Emphasizing the continuing close link
with France, the King and Queen made a four days’ State Visit from
July 19th to July 22nd 1938. On the evening of the 19th Their Majesties
arrived at the Bois de Boulogne station, the station specially reserved
for visiting Royalty travelling across the Channel. Thence, accompanied
by the President of the French Republic, M. Lebrun and his wife, they
went to the Palais d’Orsay where they were to stay.
July 20th saw them at the Palais d’Elysee; laying a wreath on the
tomb of the Unknown Warrior beneath the Arc de Triomphe; making a trip
along the Seine; being entertained at a reception at the Hotel de Ville;
visiting the Opera for a gala performance and seeing an open-air ballet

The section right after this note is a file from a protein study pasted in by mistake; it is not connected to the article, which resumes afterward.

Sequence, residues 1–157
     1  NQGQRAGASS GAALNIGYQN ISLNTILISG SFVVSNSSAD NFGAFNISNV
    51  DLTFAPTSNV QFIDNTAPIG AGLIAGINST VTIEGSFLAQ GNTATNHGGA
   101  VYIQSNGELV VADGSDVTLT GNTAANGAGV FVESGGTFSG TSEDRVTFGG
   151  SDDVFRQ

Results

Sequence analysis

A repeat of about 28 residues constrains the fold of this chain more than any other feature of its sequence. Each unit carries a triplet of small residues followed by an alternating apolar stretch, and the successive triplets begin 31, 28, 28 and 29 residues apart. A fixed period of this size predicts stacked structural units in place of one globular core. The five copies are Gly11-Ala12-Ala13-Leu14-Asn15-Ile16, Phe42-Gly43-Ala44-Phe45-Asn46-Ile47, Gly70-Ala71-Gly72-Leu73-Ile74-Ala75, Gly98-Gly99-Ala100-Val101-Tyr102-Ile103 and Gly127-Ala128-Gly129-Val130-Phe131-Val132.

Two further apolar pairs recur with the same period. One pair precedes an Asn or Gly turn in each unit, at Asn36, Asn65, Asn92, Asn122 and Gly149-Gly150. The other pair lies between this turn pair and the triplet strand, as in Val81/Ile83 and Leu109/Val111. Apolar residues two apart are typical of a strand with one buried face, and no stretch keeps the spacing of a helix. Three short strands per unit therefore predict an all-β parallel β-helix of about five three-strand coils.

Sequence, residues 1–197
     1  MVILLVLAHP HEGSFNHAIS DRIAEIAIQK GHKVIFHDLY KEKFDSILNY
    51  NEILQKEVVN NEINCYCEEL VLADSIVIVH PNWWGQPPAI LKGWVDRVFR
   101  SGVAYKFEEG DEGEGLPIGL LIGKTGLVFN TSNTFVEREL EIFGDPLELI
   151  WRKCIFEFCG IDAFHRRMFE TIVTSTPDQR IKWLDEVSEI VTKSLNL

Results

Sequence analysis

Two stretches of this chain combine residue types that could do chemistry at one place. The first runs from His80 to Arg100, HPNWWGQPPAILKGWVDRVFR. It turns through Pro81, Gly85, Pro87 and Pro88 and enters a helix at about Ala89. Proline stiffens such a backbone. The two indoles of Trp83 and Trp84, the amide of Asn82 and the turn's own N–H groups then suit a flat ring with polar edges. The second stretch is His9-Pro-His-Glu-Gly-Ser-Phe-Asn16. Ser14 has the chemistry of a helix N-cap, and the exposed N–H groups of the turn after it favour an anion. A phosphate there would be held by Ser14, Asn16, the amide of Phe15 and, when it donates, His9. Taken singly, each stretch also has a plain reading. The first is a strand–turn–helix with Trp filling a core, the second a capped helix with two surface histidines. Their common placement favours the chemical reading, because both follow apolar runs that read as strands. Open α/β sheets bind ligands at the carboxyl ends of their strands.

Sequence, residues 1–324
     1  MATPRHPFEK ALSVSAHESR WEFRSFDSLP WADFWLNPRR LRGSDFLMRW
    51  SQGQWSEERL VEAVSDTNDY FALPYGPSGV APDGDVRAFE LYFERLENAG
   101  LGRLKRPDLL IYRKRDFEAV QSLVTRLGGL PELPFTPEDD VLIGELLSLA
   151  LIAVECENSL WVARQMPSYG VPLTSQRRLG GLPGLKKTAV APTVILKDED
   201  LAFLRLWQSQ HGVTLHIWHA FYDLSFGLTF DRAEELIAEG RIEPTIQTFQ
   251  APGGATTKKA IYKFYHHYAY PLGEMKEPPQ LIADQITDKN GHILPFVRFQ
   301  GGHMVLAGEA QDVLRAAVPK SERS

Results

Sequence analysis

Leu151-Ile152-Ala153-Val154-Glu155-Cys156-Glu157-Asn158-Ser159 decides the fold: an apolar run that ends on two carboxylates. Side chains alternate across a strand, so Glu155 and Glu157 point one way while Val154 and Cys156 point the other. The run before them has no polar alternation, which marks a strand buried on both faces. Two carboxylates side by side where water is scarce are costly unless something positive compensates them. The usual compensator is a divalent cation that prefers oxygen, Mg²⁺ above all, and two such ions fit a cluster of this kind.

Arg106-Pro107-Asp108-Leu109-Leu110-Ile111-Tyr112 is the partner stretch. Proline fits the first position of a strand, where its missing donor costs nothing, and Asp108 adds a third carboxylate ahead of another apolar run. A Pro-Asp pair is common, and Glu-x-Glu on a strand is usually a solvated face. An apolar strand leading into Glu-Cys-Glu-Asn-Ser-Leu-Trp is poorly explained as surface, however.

in the Park at Bagatelle. On July 21st Their Majesties visited Versailles
ere they inspected a military parade and attended a State Luncheon in
the Hall of Mirrors.
On July 22nd the King unveiled the Australian National War Memorial at
Villers-Bretonneaux on ground known in the war as ‘Hill 104’
the scene of a brilliant counter-attack by Australian troops. That evening
they returned home to a great welcome from the London crowd.
The initial urgent diplomatic act of the in view of the need to make firmer
ties with Britain’s chief ally in Europe, became a personal success,
Queen Elizabeth’s elegant dresses and her spontaneous charm of manner
making a special appeal.
On July 30th 1938, the ILN published
‘The Royal Visit to France’ special number
(Appendix List No. 121)
in which all the above events are illustrated. The top part of the cover
is a representation in colour of the Australian War Memorial against a
bright orange sunset. The crossed flags of France and Britain dominate
This is issue number 5180, vol. 193, pages 181-220, measuring 37 x 26
cm. and priced at one shilling.
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